The next release of Microsoft’s kick-ass System Center Configuration Manager product line was rumored to be labeled “2016”. Meanwhile, it continues hopping along officially named “vNext” during the technical preview period. The latest rumor going around is that it’s official name will be sans version. As in, “System Center Configuration Manager” and that’s it. That may work for marketing material, but customers are never going to adopt that in practice, at least not anytime soon.
Customers are still going to give it a name, because they have to. Think about it: how else are we supposed to discuss a site migration? “I’m upgrading from SCCM 2012 R2 to SCCM” ?? I don’t think so. Being human, we like surnames on things to help distinguis them from the crowd. In this case, the crowd is all the other versions of the same product. We may call it “2016” or “vNext” or something, but we shall call it something with a declarative version.
Ok. Enough of that dribble. On to the main point.
As much as I love the product, there are some things that have irked me with regards to SCCM since 2003, and some which were added in 2007 and again in 2012. This is personal, and given that I’m not a “guru” or MVP recipient, my opinion is essentially worthless, but still, I drank some coffee and spent days in my home lab on 2012 R2 SP1 CU1 (takes a long breath before continuing…) and with vNext Preview 3.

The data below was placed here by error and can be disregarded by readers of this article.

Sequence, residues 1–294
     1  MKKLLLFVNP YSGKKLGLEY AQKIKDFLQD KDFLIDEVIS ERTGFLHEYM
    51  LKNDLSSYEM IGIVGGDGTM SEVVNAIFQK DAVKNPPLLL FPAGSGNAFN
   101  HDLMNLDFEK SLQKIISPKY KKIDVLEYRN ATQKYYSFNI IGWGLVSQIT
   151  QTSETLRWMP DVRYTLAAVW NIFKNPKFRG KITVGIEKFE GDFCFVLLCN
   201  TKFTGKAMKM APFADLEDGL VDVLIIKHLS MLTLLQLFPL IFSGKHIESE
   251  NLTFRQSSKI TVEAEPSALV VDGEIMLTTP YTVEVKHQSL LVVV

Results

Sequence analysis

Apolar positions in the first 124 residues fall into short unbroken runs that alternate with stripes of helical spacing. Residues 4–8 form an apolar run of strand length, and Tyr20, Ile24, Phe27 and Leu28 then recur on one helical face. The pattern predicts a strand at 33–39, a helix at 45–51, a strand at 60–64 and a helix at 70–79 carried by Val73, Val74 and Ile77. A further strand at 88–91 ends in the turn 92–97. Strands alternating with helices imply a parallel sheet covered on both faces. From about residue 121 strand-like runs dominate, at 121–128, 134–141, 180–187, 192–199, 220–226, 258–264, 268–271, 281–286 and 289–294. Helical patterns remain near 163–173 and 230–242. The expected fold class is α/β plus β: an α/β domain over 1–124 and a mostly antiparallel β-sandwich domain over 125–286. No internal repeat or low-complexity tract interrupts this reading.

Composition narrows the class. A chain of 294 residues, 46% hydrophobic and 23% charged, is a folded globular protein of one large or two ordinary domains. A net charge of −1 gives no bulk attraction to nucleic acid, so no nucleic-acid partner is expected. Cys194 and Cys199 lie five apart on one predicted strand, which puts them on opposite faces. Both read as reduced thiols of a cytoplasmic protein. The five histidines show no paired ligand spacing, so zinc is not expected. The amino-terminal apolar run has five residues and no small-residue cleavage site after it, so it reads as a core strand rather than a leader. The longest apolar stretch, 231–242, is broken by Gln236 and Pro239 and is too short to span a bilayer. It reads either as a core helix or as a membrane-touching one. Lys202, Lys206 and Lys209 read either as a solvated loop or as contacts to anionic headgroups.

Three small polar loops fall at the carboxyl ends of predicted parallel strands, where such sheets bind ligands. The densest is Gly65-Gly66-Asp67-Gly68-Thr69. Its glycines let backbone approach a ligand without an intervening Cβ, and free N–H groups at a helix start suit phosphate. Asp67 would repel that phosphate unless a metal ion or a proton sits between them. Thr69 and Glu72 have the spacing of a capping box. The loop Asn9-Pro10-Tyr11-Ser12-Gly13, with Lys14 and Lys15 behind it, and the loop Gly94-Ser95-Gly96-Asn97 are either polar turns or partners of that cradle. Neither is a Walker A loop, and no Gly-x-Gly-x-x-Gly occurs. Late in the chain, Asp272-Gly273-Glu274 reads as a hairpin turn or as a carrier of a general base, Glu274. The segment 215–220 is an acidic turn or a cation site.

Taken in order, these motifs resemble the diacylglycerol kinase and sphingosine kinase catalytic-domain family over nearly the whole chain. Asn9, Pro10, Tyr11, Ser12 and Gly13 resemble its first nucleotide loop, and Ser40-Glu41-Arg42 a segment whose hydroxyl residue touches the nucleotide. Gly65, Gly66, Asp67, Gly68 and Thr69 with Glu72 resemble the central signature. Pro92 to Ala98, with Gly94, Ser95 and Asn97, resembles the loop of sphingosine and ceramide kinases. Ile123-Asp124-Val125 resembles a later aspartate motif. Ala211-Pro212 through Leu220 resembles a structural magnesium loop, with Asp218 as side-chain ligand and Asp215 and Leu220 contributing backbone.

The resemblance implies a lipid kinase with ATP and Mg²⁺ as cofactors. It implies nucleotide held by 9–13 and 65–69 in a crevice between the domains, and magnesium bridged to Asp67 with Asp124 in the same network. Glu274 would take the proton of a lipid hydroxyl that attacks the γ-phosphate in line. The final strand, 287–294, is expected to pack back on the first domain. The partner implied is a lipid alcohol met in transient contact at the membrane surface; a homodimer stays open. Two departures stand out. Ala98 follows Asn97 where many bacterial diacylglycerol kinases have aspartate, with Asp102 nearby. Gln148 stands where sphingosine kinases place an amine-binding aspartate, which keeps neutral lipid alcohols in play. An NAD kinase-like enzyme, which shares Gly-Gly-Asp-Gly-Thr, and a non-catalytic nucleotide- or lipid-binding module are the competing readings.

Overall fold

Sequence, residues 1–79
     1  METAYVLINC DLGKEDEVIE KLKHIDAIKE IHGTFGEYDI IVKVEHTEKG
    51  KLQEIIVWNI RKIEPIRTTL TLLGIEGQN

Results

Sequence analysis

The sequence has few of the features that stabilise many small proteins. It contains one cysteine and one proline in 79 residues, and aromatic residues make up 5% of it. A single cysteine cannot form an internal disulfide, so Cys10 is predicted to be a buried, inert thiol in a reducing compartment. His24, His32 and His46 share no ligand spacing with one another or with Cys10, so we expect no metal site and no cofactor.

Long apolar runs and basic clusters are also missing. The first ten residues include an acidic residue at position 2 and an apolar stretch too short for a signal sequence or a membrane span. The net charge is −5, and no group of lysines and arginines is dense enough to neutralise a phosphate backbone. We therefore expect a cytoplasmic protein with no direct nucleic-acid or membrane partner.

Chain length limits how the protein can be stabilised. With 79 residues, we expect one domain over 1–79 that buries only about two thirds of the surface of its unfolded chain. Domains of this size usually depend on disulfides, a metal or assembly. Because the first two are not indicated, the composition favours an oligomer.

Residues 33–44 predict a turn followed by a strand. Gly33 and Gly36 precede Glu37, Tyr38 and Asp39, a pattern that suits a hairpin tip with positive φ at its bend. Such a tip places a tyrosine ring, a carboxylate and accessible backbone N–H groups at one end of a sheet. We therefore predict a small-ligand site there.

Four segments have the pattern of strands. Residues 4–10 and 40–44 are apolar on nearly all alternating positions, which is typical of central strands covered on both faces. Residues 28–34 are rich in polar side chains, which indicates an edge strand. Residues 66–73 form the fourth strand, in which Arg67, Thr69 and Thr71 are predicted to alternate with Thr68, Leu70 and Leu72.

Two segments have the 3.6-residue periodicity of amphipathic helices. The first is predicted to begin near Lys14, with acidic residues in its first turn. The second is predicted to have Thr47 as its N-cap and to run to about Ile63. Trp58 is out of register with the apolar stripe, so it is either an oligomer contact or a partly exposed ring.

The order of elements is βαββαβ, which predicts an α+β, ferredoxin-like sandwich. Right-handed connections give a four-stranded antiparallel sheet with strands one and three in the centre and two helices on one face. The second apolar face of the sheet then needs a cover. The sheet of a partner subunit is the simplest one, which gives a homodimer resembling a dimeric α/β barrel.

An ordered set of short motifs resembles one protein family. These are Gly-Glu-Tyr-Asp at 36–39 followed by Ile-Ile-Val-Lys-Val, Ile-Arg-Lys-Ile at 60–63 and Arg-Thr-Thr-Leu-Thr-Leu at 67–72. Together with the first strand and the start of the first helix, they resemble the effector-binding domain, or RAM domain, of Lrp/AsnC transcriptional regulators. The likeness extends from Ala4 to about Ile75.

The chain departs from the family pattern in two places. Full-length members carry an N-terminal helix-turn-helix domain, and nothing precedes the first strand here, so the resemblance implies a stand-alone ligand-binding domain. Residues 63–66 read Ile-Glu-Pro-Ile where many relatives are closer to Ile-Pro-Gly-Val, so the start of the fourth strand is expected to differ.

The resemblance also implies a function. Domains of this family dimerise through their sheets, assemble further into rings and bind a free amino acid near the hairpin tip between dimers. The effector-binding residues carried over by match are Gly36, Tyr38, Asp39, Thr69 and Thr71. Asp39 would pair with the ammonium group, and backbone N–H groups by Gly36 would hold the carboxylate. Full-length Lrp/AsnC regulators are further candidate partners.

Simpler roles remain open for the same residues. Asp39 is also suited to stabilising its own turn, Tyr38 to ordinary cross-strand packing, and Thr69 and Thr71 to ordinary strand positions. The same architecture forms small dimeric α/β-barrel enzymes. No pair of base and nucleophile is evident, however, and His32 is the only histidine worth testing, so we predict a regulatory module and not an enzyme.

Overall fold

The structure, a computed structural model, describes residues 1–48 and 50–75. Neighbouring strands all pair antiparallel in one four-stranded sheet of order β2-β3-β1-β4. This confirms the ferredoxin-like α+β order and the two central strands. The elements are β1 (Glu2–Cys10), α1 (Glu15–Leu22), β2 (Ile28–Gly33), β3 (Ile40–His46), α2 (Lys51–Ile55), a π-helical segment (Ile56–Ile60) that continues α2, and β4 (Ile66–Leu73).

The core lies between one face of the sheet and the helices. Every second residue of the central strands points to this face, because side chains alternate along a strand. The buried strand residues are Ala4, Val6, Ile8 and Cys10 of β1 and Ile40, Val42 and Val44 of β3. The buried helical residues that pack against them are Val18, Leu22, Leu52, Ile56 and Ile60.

I submitted some of these back in the beta program for 2012 but it was too late in the release cycle for it to be taken seriously. I figured “okay, maybe in 2015 or whatever.” and I didn’t get into the early round of vNext this time so I blame myself on this. Anyhow, it’s a blog post.
Obviously, this is all subjective and open for disagreement, so with that said, here goes…
- Ditch the client console. I’ve built more than my share of web consoles for SCCM and it’s not that difficult. The advantages outweigh the drawbacks by 100:1. Intune is already there, so all other excuses are moot. Some benefits include easier upgrades, single-point access control, and platform agnostics. Then again, the PowerShell cmdlet module would need to be shared from the MP or somewhere central. But given that this isn’t likely to happen before Intune and SCCM are merged in a blender…
- The vNext console is pretty much the same as 2012 R2. It violates quite a few of the “best practices” guidelines that Microsoft and many open source development vendors push. Among them: